It is common for commercial contracts to be used by the parties to allocate and transfer risk.
Such contracts frequently include mechanisms of allocating or altering risk, by which one party (e.g. principal) seeks to transfer all or part of their liability to another party (e.g. contractor).
The most common types of clauses include:
- Clauses which impose a high standard of care or a more onerous measure of damage
- Indemnity clauses which require one party to pay the liabilities, costs, expenses and loss of the other party arising from the performance of the contract
- Releases by which one party agrees to release the other party (invariably the principal) from liability
It is also common for commercial contracts to contain insurance clauses which require one party to arrange a specified type and level of insurance in respect of obligations connected with the contract. Often such clauses will require that the cover extends to certain obligations of the principal, head contractors, subcontractors and others.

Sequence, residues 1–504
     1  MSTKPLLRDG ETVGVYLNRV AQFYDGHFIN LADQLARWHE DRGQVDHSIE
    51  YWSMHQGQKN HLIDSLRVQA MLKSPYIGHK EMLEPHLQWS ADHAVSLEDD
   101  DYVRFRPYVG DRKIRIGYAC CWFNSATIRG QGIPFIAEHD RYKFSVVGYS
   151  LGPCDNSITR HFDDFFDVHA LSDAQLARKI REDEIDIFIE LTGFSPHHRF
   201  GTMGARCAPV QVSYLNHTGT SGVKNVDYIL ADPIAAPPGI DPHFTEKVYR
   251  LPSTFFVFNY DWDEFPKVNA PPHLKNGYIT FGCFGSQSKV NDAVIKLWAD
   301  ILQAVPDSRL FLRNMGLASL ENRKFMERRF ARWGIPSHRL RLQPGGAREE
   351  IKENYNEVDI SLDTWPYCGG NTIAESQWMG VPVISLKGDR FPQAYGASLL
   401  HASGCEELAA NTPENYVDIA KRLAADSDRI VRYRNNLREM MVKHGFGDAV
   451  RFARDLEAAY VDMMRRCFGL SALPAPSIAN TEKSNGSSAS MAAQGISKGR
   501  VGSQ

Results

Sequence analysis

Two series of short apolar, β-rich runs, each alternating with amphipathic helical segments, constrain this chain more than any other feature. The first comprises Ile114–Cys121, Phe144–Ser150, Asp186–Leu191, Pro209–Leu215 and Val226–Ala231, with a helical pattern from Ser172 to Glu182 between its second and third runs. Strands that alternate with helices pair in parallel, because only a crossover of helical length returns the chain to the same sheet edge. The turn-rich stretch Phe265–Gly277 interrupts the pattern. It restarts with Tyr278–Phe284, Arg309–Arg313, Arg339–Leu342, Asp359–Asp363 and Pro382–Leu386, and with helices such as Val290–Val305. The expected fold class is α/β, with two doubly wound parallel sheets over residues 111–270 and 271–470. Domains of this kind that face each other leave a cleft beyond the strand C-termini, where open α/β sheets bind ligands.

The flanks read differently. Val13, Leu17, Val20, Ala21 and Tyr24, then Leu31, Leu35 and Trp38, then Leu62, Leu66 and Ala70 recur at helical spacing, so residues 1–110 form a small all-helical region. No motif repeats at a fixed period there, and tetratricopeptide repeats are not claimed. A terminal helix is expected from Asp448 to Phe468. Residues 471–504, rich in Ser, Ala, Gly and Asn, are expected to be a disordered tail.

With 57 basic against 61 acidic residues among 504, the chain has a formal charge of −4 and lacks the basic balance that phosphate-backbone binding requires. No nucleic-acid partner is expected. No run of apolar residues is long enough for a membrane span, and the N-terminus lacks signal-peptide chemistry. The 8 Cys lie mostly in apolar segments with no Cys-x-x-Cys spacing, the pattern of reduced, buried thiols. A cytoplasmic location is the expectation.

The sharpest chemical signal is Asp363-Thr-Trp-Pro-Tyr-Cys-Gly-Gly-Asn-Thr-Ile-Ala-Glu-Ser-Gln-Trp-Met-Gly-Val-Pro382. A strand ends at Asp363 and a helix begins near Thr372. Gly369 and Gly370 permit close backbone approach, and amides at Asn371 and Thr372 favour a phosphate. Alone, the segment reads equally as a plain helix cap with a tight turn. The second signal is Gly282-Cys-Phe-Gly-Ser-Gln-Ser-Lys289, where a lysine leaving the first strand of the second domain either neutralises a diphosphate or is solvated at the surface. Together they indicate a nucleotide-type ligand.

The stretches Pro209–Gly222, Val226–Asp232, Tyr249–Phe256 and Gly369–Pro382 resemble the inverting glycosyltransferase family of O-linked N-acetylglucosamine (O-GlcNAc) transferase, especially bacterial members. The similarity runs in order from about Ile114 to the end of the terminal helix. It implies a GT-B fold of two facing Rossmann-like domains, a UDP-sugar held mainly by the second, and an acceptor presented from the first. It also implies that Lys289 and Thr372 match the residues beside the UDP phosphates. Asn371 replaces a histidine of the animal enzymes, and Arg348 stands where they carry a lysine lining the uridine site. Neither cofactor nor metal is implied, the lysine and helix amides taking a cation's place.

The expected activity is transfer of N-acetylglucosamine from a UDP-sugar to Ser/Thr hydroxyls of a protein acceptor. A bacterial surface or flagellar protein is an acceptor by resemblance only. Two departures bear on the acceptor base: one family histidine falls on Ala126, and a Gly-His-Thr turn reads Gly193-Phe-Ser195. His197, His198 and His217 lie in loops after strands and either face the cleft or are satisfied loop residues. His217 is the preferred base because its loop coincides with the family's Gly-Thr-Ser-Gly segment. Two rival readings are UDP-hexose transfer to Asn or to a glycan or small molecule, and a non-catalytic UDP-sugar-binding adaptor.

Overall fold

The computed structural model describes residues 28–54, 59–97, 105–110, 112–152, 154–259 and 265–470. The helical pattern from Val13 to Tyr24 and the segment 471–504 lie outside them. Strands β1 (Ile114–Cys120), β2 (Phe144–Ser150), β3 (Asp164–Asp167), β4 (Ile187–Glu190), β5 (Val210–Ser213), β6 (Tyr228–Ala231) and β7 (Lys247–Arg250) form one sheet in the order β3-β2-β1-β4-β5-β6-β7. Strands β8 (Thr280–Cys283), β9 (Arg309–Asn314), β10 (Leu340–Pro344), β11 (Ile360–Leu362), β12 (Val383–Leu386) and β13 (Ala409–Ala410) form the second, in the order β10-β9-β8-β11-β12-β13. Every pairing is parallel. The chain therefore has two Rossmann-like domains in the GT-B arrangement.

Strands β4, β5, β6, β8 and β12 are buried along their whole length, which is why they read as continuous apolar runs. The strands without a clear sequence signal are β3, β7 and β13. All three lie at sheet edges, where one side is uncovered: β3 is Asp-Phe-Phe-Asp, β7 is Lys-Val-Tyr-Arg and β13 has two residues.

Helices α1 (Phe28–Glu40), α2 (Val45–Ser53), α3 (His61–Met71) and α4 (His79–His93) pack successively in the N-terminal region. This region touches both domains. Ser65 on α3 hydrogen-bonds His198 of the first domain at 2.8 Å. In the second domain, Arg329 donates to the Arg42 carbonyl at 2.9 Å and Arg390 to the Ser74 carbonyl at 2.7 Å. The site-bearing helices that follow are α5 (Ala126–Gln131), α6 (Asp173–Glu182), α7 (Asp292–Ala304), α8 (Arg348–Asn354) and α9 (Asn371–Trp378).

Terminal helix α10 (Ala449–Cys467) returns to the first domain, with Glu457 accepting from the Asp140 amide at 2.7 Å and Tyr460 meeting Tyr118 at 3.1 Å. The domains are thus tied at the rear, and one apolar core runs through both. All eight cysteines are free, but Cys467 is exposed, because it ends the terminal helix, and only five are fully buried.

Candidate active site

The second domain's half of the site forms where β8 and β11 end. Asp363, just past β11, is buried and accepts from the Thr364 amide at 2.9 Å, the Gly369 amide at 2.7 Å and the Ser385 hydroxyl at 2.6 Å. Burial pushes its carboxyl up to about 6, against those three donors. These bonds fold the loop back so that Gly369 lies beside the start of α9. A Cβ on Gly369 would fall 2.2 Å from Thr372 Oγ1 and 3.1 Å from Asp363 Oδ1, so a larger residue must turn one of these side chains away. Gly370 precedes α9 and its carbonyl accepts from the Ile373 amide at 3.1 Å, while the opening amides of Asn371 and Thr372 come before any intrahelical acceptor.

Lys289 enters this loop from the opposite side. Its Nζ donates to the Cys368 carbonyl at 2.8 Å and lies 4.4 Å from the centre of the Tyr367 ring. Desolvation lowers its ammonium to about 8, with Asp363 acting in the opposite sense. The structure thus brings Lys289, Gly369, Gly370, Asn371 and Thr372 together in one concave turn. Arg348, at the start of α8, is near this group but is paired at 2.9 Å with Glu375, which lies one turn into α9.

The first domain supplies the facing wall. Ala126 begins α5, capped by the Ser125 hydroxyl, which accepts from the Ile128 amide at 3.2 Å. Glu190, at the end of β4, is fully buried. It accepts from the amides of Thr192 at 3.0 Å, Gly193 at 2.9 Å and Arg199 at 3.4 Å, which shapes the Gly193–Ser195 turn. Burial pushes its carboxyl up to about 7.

It is important to understand these clauses and their interaction with each other when assessing your insurance needs. You should provide copies of all relevant contracts to your insurance broker to enable them to help to ensure that cover is obtained which meets your insurance obligations and, to the extent possible, your contractual liabilities.
To the extent that cover is not available, you should be clear about the risk that you are undertaking by entering into the contract.
For legal advice, contact Meridian Lawyers through Webber Insurance Services or the Steadfast Contractual Liability Helpline.